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Antique Tractor Paint and Bodywork

Re: painting question

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CNKS

07-04-2012 06:38:53
216.144.104.128



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Showcrop, my point is that Picklex 20 will do everything that you say. You can brush it on and forget about it until you are ready to paint, then scuff it with a scothbrite pad and remove most of the rest of the white residue with wax and grease remover. The instructions say it can be painted over, but I don't paint over residue, which is one reason I don't use true rust converters. Picklex is expensive but it goes a LONG way. I was told about it 10 years ago by a long term painter, who told me to forget metal prep, which is about the same as what you are using. I used Picklex over a sanded and mostly clean hood also 10 years ago. There was some residual rust I could not sand out, before I started using the fiber wheel. The rust was neutralized. I have never seen rust bubble on anything because there is no rust when I paint. Pro body guys (I will exclude B Maniac and Glennster, because they know what they are talking about) are for the most part "shortcut guys" who want to get done and make money off someone else. I can prepare surfaces better than they do because I take the time to do it right. Don't take me wrong, there is nothing wrong with what you are doing, it just takes more time, and you have to be sure the surface is absolutely dry, with Picklex you don't have to do that. It appears that I am going to tell people what I do, you are going to say what you do, so on this forum that "conflict" is always going to be here -- so be it. Done properly they both work.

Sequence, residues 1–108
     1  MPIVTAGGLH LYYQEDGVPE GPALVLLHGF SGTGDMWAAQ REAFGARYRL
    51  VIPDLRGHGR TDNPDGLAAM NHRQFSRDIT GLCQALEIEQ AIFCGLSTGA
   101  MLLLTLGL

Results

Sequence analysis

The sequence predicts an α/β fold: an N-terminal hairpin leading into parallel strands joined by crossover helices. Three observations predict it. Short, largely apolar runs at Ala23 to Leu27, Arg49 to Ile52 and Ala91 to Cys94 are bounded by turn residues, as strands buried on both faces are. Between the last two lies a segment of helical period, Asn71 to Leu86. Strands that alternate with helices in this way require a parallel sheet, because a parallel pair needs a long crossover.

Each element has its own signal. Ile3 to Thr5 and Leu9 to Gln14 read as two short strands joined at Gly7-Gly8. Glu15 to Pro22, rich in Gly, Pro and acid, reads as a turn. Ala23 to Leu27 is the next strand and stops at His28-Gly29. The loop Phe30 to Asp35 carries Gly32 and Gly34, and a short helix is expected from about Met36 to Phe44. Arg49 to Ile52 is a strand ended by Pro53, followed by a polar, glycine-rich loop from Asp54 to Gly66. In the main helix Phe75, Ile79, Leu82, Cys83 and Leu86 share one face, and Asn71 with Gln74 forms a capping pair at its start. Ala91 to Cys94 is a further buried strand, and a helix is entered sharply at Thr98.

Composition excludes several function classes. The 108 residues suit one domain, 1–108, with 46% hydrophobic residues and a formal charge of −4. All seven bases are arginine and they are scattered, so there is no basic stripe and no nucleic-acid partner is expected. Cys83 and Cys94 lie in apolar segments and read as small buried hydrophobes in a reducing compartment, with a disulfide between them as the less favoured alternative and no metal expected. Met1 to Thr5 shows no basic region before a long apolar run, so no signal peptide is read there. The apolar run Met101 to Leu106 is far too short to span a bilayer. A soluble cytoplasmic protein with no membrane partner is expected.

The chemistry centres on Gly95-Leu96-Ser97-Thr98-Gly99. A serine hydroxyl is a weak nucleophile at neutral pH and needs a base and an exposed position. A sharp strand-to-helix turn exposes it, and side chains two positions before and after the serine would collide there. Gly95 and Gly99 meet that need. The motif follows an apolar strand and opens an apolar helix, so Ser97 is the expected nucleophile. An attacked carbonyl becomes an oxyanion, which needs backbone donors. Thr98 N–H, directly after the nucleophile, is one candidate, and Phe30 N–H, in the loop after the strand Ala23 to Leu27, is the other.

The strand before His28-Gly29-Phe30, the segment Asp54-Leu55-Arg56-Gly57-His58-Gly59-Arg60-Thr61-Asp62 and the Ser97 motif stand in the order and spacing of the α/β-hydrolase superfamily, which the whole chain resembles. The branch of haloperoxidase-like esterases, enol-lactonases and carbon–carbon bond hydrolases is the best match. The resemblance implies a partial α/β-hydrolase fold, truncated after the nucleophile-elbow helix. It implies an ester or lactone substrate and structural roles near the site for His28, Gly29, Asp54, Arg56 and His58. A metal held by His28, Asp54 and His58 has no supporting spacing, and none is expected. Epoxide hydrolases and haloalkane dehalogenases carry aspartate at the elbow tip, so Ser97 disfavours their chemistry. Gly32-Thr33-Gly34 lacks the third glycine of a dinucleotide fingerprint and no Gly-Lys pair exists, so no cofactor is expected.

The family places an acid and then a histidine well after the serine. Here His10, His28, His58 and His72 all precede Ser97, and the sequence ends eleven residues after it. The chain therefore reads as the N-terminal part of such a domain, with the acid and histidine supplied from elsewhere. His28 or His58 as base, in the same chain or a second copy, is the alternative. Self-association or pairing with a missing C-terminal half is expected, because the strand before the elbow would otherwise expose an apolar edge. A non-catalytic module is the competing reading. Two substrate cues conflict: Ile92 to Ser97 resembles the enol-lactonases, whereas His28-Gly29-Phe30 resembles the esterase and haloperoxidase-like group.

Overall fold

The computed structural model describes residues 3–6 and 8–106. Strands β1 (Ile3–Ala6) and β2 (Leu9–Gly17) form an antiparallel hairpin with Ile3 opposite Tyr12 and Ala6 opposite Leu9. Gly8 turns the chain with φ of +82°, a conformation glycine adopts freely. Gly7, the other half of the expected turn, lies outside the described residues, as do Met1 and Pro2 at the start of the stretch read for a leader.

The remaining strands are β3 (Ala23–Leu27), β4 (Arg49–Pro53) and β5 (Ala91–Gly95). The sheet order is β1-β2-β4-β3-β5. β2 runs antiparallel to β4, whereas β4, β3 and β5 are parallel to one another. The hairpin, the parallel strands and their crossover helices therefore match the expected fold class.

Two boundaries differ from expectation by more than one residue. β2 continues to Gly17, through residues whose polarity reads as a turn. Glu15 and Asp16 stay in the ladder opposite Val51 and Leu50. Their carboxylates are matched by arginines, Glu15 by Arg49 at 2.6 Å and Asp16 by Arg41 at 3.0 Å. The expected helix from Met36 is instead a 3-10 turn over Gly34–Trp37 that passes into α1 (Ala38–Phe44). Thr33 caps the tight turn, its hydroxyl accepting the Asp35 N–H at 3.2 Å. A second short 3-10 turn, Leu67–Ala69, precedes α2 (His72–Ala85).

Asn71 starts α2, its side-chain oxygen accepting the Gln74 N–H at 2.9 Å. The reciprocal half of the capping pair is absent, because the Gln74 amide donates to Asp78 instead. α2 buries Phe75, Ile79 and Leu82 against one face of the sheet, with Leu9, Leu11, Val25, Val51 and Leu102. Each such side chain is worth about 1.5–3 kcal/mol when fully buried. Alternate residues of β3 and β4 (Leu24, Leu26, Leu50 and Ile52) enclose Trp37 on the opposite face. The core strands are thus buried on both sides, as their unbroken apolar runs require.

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B-maniac

07-06-2012 17:26:19
97.85.62.26



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 Re: painting question in reply to CNKS, 07-04-2012 06:38:53  
( thanks for the compliment,CNKS).



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showcrop

07-04-2012 10:37:51
75.67.231.80



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 Re: painting question in reply to CNKS, 07-04-2012 06:38:53  
Quoting Removed, click Modern View to see

CNKS, You have I believe mentioned a few times that you are in Arizona. Here in NH it seems nothing ever gets really dry without a little help. So rust, and thus pits, thrive. A few years ago I took a'67 car down from a storage rack after not looking at it for maybe three years and found a damp place under a floor mat despite the dry air of three winters. Perhaps the climate difference has to do with our different observations. I am never pressed for time with my hobby work so I can take the time to let the iron phosphate dry completely.

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CNKS

07-04-2012 15:13:16
216.144.104.128



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 Re: painting question in reply to showcrop, 07-04-2012 10:37:51  
I'm in southwest Kansas, not as dry as as Arizona. Maybe 5 inches of rain so far this year, 18 average/year, daytime humidity 10-20% can be 100% early in the morning but it doesn't last. You have high humidity in NH, plus salt air, you do have to take more precautions. Although I mention it, I seldom see the need for phosphoric acid, Picklex included. As to Picklex, I only use it in out of the way places I simply cannot get to. I am not going to wash off anything close to the time I paint. It is not the Fe phosphate it is the flash rust that happens immediately when water is used in NH, KS, AZ and anyplace else. Picklex does not need to be washed off, thus no flash rust to contend with. It will prevent rust from forming for months as long as it is inside. In your case, with the salt air even Picklex needs to be watched. We really don't disagree, it is just how each of us gets there.

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